As we show in The Forbidden Universe, not only did the Hermetica go on to be the driving force behind the scientific revolution of the sixteenth and seventeenth centuries, but it also – somewhat spookily – outlines a cosmology that fits very neatly with Wheeler’s and Jantsch’s. (This may not be entirely coincidental, as Wheeler’s great philosophical hero was Gottfried Wilhelm Leibniz [1646-1716], the extraordinary intellect and contemporary of Newton, who, like him, was steeped in the Hermetic tradition – although it was expedient to downplay his interest in matters esoteric.)
The Hermetica, too, celebrated the universe as an emanation of the mind of God, declaring: “… you must think of god in this way, as having everything – the cosmos, himself, the universe – like thoughts within himself.”18 American historian of science Ernest Lee Tuveson sums up the fundamental Hermetic principle: “the world emanates from the divine intelligence, and, as a whole in which each part is an essential component member, expresses the great Mind.”19 And modern Hermetic specialist, American philosopher Glenn Alexander Magee, writes: “Hermeticists not only hold that God requires creation, they make a specific creature, man, play a crucial role in God’s self-actualisation. Hermeticism holds that man can know God, and that man’s knowledge of God is necessary for God’s own completion.”20 Back to Wheeler’s participatory universe…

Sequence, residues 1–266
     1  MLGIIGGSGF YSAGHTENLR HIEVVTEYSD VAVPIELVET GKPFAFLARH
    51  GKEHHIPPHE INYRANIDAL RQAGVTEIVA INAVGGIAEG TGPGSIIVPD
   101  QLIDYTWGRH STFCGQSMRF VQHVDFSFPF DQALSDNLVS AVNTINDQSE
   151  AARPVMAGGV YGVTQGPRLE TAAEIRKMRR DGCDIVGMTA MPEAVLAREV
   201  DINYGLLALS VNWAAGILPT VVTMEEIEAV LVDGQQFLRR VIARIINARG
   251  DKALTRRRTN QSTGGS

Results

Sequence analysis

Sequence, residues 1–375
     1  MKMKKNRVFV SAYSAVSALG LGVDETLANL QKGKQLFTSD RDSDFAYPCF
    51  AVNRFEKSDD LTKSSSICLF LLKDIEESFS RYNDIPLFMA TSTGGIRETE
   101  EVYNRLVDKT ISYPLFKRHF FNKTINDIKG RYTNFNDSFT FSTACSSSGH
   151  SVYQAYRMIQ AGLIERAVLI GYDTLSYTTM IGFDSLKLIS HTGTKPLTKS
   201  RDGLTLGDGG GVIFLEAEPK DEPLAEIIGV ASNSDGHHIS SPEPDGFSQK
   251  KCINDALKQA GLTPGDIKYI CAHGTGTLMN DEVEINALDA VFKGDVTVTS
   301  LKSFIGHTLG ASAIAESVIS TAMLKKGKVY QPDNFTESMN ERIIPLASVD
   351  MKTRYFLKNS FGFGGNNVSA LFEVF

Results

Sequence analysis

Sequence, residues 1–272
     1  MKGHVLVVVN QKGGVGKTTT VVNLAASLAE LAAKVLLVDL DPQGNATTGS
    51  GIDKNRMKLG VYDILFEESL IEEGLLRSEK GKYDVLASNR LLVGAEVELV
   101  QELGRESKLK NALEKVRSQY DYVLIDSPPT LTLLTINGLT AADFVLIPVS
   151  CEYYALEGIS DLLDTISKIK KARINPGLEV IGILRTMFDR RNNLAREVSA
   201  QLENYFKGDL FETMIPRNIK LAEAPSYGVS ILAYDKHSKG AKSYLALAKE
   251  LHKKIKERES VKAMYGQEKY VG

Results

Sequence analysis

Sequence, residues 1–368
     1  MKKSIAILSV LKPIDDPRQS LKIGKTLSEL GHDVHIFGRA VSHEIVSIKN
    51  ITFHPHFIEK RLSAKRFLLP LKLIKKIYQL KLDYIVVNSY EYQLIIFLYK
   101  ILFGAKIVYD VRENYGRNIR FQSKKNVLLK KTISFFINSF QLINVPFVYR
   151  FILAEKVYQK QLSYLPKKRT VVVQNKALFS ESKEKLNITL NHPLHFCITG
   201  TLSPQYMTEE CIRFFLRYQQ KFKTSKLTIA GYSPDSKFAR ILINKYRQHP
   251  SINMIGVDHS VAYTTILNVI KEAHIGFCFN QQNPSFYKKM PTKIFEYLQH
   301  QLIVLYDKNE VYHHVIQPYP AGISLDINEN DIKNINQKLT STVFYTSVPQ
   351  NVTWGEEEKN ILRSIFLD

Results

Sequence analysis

In the Hermetic cosmology, the universe is God, everything in it is an emanation of God’s mind, and human beings play a necessary part in God’s self-actualisation. In Wheeler’s, consciousness plays a fundamental role in actualising the universe.